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Mark 3:1–35 (ESV)


1 Again he entered the synagogue, and a man was there with a withered hand. 2 And they watched Jesus, to see whether he would heal him on the Sabbath, so that they might accuse him. 3 And he said to the man with the withered hand, “Come here.” 4 And he said to them, “Is it lawful on the Sabbath to do good or to do harm, to save life or to kill?” But they were silent. 5 And he looked around at them with anger, grieved at their hardness of heart, and said to the man, “Stretch out your hand.” He stretched it out, and his hand was restored. 6 The Pharisees went out and immediately held counsel with the Herodians against him, how to destroy him.

7 Jesus withdrew with his disciples to the sea, and a great crowd followed, from Galilee and Judea 8 and Jerusalem and Idumea and from beyond the Jordan and from around Tyre and Sidon. When the great crowd heard all that he was doing, they came to him. 9 And he told his disciples to have a boat ready for him because of the crowd, lest they crush him, 10 for he had healed many, so that all who had diseases pressed around him to touch him. 11 And whenever the unclean spirits saw him, they fell down before him and cried out, “You are the Son of God.” 12 And he strictly ordered them not to make him known.

Briefly summarize previous section up until Mark 3:7 (depends on where we left off)

  • 2:1 - 3:6 represent Jesus initial demonstrations of authority, and his conflict with the Pharisees over key issues of purity and uncleanness:
    • He acts in place of the Temple (and by extension God himself) in being the place where forgiveness of sins is found.
    • He eats with the unclean (tax collectors and sinners)
    • He allows his disciples to forgo fasting while he’s present with them
    • He asserts his own authority as to what constitutes keeping the Sabbath
    • The section ends on an ominous note, with the Pharisees and Herodians colluding to destroy Jesus
  • 3:7 - 3:12 highlights Jesus’ growing popularity with the crowds (in contrast to the opposition from the religious leaders), and with its parallel to chapter 1:14 marks out the beginning of a new section
    • The people are described as coming from a very wide area, covering all of the old boundaries of Israel, North and South (including some Gentile areas to the North)
    • We see two ways of acknowledging Jesus’ greatness that are not the same as being his follower:
      • The crowds see the miracles and are enthusiastic about him (yet later they will just as easily turn against him)
      • The demons know who he is and confess it, but they do so and tremble in fear

In v.13-35, the structure of the narrative intertwines Jesus’ conflict with his family with the conflict with the scribes. It also creates a contrastive parallel between the calling of the twelve and the scribes. - Jesus’ disciples come up the mountain to him, receive his authority to cast our demons - The scribes come down the mountain from Jerusalem to discredit his authority to cast out demons

We have a picture of 3 classes:

  • Those close to Jesus who oppose his mission
  • Those “outside” who oppose his mission
  • Those who are “inside”, a true family of God

Appointing the Twelve

13 And he went up on the mountain and called to him those whom he desired, and they came to him. 14 And he appointed twelve (whom he also named apostles) so that they might be with him and he might send them out to preach 15 and have authority to cast out demons. 16 He appointed the twelve: Simon (to whom he gave the name Peter); 17 James the son of Zebedee and John the brother of James (to whom he gave the name Boanerges, that is, Sons of Thunder); 18 Andrew, and Philip, and Bartholomew, and Matthew, and Thomas, and James the son of Alphaeus, and Thaddaeus, and Simon the Zealot, 19 and Judas Iscariot, who betrayed him.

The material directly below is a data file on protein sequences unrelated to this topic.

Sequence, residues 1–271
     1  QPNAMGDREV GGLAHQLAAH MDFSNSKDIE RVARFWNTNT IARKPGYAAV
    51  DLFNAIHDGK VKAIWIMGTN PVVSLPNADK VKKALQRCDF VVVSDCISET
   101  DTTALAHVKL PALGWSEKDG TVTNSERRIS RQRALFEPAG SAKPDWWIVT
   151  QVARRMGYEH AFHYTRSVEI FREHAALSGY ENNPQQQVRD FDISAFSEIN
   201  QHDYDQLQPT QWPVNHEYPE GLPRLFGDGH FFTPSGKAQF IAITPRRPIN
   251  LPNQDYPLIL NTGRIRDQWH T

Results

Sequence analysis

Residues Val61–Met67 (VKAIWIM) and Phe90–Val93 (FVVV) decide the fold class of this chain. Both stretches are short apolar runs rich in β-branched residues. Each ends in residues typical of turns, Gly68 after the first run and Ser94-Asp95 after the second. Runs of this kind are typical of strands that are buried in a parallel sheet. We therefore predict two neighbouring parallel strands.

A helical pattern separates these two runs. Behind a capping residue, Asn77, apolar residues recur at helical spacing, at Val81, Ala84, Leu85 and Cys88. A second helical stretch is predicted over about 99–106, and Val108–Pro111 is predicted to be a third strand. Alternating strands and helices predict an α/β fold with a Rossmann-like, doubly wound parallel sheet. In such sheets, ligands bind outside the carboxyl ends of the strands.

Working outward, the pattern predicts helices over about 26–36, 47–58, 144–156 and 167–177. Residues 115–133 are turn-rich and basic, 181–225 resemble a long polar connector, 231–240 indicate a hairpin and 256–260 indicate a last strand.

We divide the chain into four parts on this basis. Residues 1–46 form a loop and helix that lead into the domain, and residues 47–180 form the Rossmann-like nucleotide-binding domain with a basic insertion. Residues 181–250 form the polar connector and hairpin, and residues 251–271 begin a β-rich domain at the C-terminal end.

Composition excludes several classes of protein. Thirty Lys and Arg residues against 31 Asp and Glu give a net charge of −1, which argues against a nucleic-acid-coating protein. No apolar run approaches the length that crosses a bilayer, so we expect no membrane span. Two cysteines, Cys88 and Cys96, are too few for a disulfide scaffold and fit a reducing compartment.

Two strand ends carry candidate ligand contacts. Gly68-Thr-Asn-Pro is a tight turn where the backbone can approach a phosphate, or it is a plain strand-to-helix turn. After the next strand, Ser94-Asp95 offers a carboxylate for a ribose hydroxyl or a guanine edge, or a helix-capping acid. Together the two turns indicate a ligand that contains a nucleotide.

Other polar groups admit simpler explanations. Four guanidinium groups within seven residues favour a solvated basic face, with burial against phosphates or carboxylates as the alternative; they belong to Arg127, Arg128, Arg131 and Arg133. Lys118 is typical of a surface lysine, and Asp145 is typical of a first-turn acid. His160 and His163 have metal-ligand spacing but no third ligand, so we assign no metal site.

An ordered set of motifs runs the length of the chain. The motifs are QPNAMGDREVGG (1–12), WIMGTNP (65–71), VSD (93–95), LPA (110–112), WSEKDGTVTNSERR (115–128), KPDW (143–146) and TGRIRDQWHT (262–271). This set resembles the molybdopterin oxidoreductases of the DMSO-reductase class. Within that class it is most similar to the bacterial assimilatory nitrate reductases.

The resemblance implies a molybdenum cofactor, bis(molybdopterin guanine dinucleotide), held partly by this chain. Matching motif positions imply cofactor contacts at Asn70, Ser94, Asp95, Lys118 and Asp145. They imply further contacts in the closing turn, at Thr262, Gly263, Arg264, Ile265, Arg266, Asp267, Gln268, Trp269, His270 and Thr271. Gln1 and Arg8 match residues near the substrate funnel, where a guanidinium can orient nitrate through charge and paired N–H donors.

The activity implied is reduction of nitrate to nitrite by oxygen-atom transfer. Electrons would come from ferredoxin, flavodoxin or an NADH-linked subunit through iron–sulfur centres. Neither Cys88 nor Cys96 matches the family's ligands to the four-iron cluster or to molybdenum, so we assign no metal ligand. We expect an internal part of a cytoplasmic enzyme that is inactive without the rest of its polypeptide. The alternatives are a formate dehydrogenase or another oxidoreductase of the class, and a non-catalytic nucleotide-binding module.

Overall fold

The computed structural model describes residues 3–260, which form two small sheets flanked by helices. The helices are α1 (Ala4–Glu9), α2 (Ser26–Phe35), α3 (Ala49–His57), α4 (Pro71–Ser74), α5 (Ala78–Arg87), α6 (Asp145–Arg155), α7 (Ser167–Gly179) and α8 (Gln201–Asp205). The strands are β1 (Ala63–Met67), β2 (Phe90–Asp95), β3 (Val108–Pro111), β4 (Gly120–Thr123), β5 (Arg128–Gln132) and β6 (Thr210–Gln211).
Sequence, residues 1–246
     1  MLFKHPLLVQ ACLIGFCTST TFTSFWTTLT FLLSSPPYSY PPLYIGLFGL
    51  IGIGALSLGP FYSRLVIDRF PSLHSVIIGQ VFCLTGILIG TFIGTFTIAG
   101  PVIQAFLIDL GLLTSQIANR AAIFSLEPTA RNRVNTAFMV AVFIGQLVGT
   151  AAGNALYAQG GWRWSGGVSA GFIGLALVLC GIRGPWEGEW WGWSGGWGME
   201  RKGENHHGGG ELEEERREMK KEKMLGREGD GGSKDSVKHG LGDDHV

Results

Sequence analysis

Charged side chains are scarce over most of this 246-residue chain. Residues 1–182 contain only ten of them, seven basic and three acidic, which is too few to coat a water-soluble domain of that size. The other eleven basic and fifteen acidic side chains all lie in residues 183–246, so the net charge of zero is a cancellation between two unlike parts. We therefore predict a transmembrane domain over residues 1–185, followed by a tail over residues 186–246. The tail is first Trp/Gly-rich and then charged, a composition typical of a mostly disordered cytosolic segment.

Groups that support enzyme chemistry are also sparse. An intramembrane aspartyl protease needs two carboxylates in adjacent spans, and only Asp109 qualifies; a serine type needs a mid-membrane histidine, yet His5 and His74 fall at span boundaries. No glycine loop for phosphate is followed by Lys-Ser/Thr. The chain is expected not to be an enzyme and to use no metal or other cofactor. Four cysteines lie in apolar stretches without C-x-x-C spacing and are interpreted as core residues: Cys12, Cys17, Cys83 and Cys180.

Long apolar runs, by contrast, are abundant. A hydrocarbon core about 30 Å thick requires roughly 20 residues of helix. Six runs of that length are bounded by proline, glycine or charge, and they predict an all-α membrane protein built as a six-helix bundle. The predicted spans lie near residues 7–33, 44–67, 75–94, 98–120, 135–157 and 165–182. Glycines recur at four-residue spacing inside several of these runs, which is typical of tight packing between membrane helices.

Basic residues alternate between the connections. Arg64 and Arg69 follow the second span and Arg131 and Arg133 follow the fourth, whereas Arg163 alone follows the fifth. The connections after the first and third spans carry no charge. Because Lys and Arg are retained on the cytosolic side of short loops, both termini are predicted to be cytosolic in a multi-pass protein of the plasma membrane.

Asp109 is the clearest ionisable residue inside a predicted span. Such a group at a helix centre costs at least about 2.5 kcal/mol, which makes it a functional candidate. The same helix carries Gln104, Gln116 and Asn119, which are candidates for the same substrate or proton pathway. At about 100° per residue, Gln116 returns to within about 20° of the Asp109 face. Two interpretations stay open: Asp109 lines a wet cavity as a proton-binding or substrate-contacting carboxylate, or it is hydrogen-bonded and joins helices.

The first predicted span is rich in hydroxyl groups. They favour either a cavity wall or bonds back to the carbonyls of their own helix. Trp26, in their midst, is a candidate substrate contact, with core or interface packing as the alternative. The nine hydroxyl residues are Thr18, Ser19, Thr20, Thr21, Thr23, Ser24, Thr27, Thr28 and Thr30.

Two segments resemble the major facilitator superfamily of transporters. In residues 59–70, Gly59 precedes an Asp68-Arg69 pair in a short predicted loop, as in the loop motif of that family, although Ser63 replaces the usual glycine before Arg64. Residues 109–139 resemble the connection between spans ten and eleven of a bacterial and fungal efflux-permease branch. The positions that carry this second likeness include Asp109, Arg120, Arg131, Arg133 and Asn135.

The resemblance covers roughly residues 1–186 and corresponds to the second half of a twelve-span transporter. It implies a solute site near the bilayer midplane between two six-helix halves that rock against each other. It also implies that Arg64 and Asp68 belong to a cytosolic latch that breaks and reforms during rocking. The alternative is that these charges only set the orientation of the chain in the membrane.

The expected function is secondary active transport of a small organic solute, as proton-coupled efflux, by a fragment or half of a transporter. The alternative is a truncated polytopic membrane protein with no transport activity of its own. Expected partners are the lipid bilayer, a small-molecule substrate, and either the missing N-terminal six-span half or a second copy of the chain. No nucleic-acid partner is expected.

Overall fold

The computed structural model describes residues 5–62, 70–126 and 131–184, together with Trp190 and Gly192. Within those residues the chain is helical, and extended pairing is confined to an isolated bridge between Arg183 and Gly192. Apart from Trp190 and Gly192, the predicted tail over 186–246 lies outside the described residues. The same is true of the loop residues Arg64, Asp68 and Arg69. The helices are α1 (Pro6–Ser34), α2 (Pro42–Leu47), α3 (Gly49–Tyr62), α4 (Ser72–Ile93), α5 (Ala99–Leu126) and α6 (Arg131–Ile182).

The scene with the disciples sets up a group of “insiders” in contrast to the pressing crowds, and especially to the following account of the scribes and Jesus’ family.

  • The passage emphasized Jesus’ selection of them - “those whom he desired” - What’s significant about this?
    • Jesus always chooses us first - “my sheep hear my voice” (cf. John 15:16 - you did not choose me, but I chose you)
  • What is the significance of his appointing the twelve?
    • Jesus is establishing a renewed/restored Israel, and twelve is intentional to parallel the twelve tribes
    • Interesting to note that the 12 are chosen in addition to Jesus himself, which hints at his holding the place of YHWH
  • What can we learn about discipleship from Jesus’ approach here?
    • Their calling provides us with a case study in true discipleship - they are to be with him and do the things that he does.
      • Be with him - How is being with Jesus still critical today? How do we do it? What hinders us?
      • Be sent out to preach
      • Have authority to cast out demons
    • He models, and then sends them out themselves (in Ch. 6). The disciples become extensions of Jesus’ ministry. This is very much a hands-on strategy.
  • The twelve are listed, some of whom were already specifically called to follower in earlier passages.
    • Simon (named Peter) (as always listed first) - called in 1:16, leaving his nets
    • James, son of Zebedee (named one of Sons of Thunder) - called in 1:19, leaving family business
    • John, brother of James (named one of Sons of Thunder) - called in 1:19, leaving family business
    • Andrew - called in 1:16, leaving his nets
    • Philip
    • Bartholomew
    • Matthew - called in 1:13, leaving his tax booth
    • Thomas
    • James, son of Alphaeus
    • Thaddaeus
    • Simon the Zealot
    • Judas Iscariot (who betrayed him)

Two Kinds of Opposition